• rgdeltargdelta Denver, COPosts: 14Member

    First for me is immersion 2nd Story 3rd Gameplay 4th fun factor and far 5th graphics/genre.  For me a game without the first 4 or 3 of the 4 means no more then a couple days of play.  This from someone who has played almost 75% of all MMO's out there.

  • KylrathinKylrathin Rockford, ILPosts: 426Member

    If, after careful research, I find SOE is involved at all, in any way, at any level, the game is permabanned in my house.

    Sandbox MMOs always get a much closer examination than linear.  I typically don't find interest beyond the trial with WoW-clones.

    For me, genre is as follows: Sci-fi >> most everything else >> fantasy.

    I also research for bug level.  In the first year of an MMO's life, if the list of bugs fixed is greater than the list of new content added, that usually means two things: a) they launched too early (a mistake almost every MMO makes), and b) they have a decent QA process and the devs are listening to them and correctly prioritizing.  I'm not naming names, but if you're releasing player cities while people can shoot through walls, you've got your priorities backward.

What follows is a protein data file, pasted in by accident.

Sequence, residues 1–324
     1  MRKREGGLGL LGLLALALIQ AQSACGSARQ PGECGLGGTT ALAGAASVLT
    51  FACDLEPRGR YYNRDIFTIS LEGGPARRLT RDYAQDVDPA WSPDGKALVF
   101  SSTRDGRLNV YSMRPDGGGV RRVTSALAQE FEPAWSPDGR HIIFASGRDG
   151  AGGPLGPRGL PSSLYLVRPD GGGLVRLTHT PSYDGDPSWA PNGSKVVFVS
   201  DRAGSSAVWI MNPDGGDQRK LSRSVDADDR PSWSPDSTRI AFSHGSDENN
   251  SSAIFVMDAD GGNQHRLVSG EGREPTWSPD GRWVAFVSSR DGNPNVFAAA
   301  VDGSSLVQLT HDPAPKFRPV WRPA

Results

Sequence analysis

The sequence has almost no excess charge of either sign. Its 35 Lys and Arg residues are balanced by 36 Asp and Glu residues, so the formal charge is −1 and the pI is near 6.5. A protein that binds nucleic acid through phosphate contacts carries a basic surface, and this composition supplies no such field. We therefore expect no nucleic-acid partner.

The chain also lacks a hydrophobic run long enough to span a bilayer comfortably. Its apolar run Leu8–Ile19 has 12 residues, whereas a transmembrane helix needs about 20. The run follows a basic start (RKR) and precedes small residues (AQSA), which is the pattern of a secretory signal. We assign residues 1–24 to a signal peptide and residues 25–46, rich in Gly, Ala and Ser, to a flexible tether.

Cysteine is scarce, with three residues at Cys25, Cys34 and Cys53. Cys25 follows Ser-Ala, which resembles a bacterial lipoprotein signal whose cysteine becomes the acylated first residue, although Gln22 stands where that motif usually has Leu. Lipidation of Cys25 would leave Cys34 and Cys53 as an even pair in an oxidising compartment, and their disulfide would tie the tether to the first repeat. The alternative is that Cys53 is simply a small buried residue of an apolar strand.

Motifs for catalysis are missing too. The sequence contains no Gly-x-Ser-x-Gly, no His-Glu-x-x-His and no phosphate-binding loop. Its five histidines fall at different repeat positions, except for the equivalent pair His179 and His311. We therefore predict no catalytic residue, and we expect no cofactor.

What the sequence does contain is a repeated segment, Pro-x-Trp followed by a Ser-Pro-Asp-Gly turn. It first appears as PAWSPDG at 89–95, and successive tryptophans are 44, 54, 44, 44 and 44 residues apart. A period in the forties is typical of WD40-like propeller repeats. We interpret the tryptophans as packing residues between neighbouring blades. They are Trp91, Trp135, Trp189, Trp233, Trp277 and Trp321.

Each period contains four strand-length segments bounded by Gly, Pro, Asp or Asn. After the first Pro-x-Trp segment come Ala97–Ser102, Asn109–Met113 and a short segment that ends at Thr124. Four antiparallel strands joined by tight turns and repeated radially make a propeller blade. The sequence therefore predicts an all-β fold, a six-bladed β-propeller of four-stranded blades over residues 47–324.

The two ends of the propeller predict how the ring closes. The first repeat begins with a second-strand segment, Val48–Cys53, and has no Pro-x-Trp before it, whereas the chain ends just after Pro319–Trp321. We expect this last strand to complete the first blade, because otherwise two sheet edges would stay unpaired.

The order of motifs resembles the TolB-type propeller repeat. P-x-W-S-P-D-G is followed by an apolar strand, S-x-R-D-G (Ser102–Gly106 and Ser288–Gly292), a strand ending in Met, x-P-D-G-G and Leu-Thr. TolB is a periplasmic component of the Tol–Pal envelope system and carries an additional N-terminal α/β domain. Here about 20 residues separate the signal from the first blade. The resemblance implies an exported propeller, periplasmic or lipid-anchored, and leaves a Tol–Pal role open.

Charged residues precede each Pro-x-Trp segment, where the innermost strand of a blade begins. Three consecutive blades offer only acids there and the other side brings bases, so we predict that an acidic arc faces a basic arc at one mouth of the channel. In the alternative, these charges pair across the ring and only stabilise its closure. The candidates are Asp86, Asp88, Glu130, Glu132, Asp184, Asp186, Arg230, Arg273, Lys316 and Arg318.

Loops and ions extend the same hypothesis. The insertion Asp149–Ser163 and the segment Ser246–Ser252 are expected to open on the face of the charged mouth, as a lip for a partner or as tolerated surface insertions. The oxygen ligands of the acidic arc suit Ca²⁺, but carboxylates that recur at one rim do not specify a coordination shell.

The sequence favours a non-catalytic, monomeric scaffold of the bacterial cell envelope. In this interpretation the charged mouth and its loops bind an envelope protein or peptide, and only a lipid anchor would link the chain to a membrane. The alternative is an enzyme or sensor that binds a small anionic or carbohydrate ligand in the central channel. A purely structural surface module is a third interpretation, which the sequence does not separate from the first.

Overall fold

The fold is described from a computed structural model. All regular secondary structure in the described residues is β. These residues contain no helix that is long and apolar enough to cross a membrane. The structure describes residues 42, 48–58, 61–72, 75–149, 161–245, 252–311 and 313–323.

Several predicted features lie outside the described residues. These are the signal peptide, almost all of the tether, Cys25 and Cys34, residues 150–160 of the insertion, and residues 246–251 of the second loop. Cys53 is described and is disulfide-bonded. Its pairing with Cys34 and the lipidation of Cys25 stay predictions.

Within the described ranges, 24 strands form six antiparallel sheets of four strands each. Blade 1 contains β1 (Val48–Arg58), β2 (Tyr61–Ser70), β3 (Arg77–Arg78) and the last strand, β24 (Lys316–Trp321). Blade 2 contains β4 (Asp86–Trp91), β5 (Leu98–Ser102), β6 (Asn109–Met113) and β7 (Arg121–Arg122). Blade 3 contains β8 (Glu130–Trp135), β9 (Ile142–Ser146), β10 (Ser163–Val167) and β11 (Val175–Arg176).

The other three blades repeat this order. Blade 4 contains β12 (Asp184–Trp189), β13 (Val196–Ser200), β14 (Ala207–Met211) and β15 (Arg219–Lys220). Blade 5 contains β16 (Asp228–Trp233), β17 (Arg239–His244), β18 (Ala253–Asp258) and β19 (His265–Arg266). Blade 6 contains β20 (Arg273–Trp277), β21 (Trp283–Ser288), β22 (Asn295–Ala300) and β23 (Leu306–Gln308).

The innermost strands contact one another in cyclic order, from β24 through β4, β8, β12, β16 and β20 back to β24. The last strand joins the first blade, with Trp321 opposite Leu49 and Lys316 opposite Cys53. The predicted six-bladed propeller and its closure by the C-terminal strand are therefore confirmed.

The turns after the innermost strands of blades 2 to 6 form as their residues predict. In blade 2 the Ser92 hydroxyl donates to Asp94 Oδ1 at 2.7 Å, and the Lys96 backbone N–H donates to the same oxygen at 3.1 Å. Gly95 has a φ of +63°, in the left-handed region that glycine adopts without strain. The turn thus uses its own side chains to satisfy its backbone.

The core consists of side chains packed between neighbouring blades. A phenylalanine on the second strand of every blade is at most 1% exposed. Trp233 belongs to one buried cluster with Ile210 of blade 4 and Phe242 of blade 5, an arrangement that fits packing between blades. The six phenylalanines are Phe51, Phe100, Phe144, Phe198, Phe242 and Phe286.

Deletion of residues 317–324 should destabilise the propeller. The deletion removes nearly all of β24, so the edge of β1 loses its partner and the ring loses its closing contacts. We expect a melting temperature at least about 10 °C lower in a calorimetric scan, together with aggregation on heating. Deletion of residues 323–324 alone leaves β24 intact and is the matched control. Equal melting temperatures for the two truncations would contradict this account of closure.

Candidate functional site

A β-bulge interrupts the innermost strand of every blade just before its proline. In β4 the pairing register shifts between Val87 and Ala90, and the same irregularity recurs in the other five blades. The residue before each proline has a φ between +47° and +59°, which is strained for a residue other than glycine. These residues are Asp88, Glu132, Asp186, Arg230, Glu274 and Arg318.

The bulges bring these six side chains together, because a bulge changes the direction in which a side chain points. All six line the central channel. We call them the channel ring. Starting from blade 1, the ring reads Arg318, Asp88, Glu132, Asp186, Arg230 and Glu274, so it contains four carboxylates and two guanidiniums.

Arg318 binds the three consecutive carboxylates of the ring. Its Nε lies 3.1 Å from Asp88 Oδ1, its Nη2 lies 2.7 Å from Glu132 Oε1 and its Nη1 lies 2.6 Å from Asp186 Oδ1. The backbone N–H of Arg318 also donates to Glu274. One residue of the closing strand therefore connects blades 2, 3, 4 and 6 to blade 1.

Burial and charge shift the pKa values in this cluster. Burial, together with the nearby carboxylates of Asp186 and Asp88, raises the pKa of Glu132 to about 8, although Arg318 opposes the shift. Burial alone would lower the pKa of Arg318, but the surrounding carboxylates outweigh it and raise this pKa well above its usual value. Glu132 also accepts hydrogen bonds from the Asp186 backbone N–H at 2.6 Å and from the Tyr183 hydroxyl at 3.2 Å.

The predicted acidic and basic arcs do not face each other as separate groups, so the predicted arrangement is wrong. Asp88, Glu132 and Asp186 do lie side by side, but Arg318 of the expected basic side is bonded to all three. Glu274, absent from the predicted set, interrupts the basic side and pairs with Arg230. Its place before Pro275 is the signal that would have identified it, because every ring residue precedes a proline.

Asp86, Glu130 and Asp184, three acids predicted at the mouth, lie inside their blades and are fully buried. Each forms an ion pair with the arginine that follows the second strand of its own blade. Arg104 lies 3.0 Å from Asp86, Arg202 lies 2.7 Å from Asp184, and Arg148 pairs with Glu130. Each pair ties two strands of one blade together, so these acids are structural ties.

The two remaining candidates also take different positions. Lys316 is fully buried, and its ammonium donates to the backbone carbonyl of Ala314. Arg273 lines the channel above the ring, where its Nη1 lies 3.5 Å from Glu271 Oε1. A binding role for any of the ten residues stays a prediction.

There's a sucker born every minute. - P.T. Barnum

  • wjrasmussenwjrasmussen west toluca lake, CAPosts: 1,493Member
    Originally posted by Sovrath

    I pick a game based upon setting and art design and general gameplay elements.
    After that I play the game for what it is and if the gameplay is fun and it's epic in a certain way then I continue to play.
    I don't really care about who makes it because I've never played a game that didn't have issues and even issues that others thought were major but I felt were non-issues.


    Pretty much it for me.

  • wgc01wgc01 Fort Worth, TXPosts: 213Member Uncommon